INCOMING!!!

F/5.6, 1/500, ISO 200.

Elegant Tern

What happened when a faucet, a tomato and lettuce were in a race?

The lettuce was ahead, the faucet was running and the tomato was trying to ketchup.

Interesting Fact: Approximately 90-97% of all Elegant Terns nest in one colony on Isla Rasa in the Gulf of California, Mexico. ( https://www.allaboutbirds.org/guide/Elegant_Tern/lifehistory )

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Wait! STOP Scrolling! I Just Wanted To Say Hello!

F/5.6, 1/100, ISO 640.

Bananaquit

What does a baby computer call its dad?

Data

Interesting Fact: Its nickname, the sugar bird, comes from its affinity for bowls or bird feeders stocked with granular sugar, a common method of attracting these birds in the USVI. ( http://identify.whatbird.com/obj/1014/overview/Bananaquit.aspx )

Little Duckies Need Some Snackies

F/5.6, 1/160, ISO 100.

Mallard Female with Ducklings

Who earns a living driving their customers away?

A taxi driver.

Interesting Fact:  The female forms a shallow depression or bowl on the ground in moist earth. She does not carry material to the nest but rather pulls vegetation she can reach toward her while sitting on nest. During egg-laying phase, she lines the nest with grasses, leaves, and twigs from nearby. She also pulls tall vegetation over to conceal herself and her nest. After incubation begins, she plucks down feathers from her breast to line the nest and cover her eggs. The finished nest is about a foot across, with a bowl for the eggs that is 1–6 inches deep and 6–9 inches across. ( https://www.allaboutbirds.org/guide/Mallard/lifehistory )

 

Do Not Cross Me I Have My Fancy Pants On Today!

F/5.6, 1/500, ISO 200.

Snowy Egret

What did the triangle say to the circle?

You are pointless!

Interesting Fact: Male Snowy Egrets fight for breeding territories, choose nest sites, and perform noisy courtship displays to attract mates. A ring of other egrets often gathers around a displaying male as he pumps his body up and down, points his bill skyward, and calls. He also performs aerial displays, including one that ends with him dropping toward the ground while tumbling around and around. After pairing up, Snowy Egrets continue defending the immediate area around the nest, raising their crests and giving rasping calls. Some of their nest predators include raccoons, Great Horned Owls, Barred Owls, American Crows, Fish Crows, American alligators, and gray rat snakes. Highly social all year long, Snowy Egrets forage with gulls, terns, ibises, and other herons, and they nest in colonies alongside many other species, including Great Egrets, night-herons, Glossy Ibises, Little Blue Herons, Tricolored Herons, Cattle Egrets, and Roseate Spoonbills. ( https://www.allaboutbirds.org/guide/Snowy_Egret/lifehistory )

Baby Time!

F/5.6, 1/320, ISO 100.

Canada Goose Goslings

What did the blanket say to the bed?

Don’t worry, I’ve got you covered!

Interesting Fact: Canada Geese eat grain from fields, graze on grass, and dabble in shallow water by tipping forward and extending their necks underwater. During much of the year they associate in large flocks, and many of these birds may be related to one another. They mate for life with very low “divorce rates,” and pairs remain together throughout the year. Geese mate “assortatively,” larger birds choosing larger mates and smaller ones choosing smaller mates; in a given pair, the male is usually larger than the female. Most Canada Geese do not breed until their fourth year; less than 10 percent breed as yearlings, and most pair bonds are unstable until birds are at least two or three years old. Extra-pair copulations have been documented. ( https://www.allaboutbirds.org/guide/Canada_Goose/lifehistory )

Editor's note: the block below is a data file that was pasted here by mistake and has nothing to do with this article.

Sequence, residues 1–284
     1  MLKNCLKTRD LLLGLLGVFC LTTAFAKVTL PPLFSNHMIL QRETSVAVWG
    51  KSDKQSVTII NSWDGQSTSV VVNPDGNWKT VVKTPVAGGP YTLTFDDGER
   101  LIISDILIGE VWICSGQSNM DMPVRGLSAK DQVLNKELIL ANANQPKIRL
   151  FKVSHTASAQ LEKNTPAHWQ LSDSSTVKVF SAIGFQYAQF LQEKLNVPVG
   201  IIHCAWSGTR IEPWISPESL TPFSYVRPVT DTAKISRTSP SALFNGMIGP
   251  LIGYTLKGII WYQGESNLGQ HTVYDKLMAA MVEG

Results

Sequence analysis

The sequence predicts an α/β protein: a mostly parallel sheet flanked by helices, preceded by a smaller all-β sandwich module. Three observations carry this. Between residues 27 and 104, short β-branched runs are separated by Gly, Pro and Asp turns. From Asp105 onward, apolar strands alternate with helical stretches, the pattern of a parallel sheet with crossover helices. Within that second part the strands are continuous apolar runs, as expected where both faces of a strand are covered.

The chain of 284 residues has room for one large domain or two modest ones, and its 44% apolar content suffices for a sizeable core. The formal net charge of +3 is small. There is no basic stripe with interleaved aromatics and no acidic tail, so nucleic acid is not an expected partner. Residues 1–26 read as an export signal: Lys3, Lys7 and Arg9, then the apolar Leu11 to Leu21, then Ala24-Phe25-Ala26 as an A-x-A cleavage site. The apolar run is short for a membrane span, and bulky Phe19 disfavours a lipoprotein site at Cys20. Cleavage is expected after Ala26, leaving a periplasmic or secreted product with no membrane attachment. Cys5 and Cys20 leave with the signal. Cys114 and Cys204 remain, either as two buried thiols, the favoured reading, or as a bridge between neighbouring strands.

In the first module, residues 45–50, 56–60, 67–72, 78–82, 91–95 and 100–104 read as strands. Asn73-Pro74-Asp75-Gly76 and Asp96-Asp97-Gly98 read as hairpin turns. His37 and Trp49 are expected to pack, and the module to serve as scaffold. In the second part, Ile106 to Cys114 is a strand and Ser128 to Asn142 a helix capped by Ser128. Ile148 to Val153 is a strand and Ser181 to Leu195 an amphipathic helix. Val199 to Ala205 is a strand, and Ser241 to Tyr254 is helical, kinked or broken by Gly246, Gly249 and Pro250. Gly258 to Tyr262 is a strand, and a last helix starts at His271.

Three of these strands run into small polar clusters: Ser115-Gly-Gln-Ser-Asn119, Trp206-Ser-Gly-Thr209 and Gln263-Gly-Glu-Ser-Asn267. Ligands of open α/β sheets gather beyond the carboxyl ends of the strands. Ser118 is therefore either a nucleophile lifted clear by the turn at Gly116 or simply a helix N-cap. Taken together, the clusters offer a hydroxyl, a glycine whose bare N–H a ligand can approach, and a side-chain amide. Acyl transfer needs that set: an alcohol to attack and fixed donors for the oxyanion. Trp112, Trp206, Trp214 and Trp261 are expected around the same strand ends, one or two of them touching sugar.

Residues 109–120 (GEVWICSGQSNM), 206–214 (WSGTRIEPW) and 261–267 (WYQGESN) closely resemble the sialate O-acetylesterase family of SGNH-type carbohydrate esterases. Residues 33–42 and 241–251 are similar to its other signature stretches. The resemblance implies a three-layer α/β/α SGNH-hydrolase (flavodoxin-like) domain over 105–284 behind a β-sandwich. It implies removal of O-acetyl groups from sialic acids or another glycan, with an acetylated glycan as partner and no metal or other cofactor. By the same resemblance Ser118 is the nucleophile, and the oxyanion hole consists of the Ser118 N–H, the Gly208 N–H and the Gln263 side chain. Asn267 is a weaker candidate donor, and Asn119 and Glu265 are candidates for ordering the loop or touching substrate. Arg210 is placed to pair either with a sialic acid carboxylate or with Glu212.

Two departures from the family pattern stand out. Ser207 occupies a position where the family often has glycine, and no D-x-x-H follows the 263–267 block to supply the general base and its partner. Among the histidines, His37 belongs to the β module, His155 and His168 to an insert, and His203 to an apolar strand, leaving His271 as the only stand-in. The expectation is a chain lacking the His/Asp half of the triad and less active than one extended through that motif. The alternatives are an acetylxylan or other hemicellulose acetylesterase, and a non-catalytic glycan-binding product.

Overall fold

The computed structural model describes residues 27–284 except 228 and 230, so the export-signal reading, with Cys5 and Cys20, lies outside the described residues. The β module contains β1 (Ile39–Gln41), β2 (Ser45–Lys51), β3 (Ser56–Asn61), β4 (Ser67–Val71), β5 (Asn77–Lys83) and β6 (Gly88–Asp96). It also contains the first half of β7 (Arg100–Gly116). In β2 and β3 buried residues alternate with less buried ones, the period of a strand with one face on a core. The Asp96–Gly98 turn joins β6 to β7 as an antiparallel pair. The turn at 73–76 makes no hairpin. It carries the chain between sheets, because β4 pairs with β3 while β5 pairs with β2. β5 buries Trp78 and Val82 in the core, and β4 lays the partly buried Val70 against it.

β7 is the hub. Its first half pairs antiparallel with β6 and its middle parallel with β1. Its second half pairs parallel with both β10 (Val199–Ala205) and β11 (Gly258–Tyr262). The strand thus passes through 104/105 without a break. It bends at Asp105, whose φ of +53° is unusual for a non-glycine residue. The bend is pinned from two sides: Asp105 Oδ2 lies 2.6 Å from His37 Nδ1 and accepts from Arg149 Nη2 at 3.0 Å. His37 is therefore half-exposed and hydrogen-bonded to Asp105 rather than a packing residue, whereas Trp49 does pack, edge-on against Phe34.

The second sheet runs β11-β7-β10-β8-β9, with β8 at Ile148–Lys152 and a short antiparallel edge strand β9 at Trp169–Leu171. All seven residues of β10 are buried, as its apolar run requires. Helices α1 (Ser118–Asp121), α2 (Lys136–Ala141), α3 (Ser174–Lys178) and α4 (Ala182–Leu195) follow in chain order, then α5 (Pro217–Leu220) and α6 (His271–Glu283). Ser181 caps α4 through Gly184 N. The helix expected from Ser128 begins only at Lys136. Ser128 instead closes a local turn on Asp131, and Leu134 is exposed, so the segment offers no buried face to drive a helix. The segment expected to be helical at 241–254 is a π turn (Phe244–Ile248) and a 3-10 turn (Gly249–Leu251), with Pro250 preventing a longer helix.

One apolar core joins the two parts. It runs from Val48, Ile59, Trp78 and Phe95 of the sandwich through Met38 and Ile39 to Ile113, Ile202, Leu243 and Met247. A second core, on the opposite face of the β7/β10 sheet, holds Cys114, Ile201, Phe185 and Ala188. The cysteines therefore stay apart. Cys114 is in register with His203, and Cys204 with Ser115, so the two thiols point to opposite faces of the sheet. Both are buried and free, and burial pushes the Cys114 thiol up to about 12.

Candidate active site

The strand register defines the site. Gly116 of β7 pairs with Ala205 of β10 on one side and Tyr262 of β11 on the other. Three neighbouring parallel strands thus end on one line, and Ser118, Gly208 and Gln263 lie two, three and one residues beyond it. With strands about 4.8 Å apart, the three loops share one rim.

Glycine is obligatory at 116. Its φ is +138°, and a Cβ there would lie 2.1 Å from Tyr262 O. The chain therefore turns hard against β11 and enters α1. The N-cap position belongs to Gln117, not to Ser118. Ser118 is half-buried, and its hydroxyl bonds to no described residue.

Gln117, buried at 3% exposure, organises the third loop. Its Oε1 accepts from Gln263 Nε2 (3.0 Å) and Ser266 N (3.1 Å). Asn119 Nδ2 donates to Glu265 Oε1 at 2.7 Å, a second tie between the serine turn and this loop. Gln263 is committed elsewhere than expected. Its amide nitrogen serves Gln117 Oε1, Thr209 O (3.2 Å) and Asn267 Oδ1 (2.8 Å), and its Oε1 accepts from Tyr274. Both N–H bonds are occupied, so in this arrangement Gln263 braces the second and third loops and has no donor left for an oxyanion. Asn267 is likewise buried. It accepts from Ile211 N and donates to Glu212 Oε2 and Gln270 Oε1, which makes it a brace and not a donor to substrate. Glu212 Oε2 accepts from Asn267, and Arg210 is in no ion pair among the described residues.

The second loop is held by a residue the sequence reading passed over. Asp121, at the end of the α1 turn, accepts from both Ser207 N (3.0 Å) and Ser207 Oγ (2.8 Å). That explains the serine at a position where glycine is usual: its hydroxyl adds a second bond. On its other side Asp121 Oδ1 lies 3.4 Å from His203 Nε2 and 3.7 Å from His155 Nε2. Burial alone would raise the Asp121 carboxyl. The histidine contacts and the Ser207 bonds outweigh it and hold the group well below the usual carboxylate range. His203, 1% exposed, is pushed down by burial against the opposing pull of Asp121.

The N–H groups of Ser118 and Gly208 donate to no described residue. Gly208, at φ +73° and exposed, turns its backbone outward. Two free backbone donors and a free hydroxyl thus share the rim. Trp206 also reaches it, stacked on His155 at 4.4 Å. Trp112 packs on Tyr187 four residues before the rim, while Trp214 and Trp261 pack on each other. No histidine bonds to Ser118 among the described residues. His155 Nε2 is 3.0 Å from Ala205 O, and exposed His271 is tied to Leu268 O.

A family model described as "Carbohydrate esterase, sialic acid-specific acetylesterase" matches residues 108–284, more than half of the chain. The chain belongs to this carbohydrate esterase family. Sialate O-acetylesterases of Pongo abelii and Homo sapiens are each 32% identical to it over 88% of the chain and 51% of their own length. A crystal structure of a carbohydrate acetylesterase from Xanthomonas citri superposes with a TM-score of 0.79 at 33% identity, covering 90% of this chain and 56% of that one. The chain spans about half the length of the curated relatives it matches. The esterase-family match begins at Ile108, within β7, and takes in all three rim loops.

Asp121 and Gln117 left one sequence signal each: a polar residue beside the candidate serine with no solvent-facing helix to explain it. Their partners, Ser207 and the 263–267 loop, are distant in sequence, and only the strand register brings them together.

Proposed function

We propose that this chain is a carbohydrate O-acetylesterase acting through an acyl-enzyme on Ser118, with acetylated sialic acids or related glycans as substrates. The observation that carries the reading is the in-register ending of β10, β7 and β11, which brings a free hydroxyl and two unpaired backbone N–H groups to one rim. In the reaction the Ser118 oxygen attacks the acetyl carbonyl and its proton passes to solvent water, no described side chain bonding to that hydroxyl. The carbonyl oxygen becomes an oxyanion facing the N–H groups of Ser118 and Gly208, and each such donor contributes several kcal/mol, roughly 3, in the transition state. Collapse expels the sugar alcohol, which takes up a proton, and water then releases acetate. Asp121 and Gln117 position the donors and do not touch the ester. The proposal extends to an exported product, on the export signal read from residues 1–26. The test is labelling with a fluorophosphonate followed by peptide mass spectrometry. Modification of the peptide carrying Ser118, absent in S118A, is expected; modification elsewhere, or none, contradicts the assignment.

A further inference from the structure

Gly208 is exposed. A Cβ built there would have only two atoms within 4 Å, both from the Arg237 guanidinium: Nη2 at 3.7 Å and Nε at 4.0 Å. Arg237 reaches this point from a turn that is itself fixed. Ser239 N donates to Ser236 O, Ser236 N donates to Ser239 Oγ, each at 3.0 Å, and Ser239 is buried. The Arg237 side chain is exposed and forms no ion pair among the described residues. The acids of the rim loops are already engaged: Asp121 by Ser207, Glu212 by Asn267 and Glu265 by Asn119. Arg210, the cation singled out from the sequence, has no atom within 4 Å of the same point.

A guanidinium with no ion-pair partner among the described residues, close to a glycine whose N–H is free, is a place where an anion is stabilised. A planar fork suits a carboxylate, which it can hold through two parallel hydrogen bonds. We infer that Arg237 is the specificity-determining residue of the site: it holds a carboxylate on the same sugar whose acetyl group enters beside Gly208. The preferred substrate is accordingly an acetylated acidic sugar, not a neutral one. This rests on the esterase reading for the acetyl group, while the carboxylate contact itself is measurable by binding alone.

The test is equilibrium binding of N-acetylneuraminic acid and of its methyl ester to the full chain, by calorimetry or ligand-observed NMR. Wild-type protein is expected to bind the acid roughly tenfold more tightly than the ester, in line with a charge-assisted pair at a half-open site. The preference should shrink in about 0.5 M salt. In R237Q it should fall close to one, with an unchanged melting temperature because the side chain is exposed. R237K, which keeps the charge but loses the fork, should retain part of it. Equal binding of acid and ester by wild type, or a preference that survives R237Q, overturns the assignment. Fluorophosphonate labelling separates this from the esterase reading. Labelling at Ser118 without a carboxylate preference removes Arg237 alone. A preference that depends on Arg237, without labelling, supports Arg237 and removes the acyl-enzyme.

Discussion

It’s My Honey, And I Want It Now!

F/5.6, 1/125, ISO 500.

Bumble Bee

What do you call a bee born in May?

A maybe!

Interesting Fact: Unlike the honeybee, bumblebees will not die after stinging. They can sting as much as they want. Luckily, they are not aggressive and they will sting only in self defense. ( http://www.softschools.com/facts/animals/bumblebee_facts/582/ )

I Can Freeze Time! What’s Your Superpower?

F/5.6, 1/800, ISO 320.

Anna’s Hummingbird ( Female )

Two pickles fell out of a jar onto the floor.

What did one say to the other?

Dill with it.

Interesting Fact: Hummingbirds have tiny legs and can neither hop nor walk, though they can sort of scoot sideways while perched.  ( https://www.allaboutbirds.org/guide/Annas_Hummingbird )

Swim At Your Own Risk

mute-swan-swimming

F/5.6, 1/125, ISO 320.

Mute Swan

Why did the teacher jump into the water?

She wanted to test the water!

Interesting Fact: The black knob at the base of the male Mute Swan’s bill swells during the breeding season and becomes noticeably larger than the female’s. The rest of the year the difference between the sexes is not obvious.  ( https://www.allaboutbirds.org/guide/Mute_Swan/lifehistory )

I Am Going To Wing It!

double-crested-cormorant

F/ 5.6, 1/500, ISO 220.

Double-crested Cormorant

What do you call a fly without wings?

A walk

Interesting Fact: Accumulated fecal matter below nests can kill the nest trees. When this happens, the cormorants may move to a new area or they may simply shift to nesting on the ground. ( https://www.allaboutbirds.org/guide/Double-crested_Cormorant/lifehistory )

Double Trouble!

Mute Swan

F/ 5.6, 1/1250, ISO 400.

Mute Swan 

What did the nose say to the finger?

Stop picking on me. 

Interesting Fact: The Mute Swan is reported to mate for life. However, changing of mates does occur infrequently, and swans will remate if their partner dies. If a male loses his mate and pairs with a young female, she joins him on his territory. If he mates with an older female, they go to hers. If a female loses her mate, she remates quickly and usually chooses a younger male.  ( https://www.allaboutbirds.org/guide/Mute_Swan/lifehistory )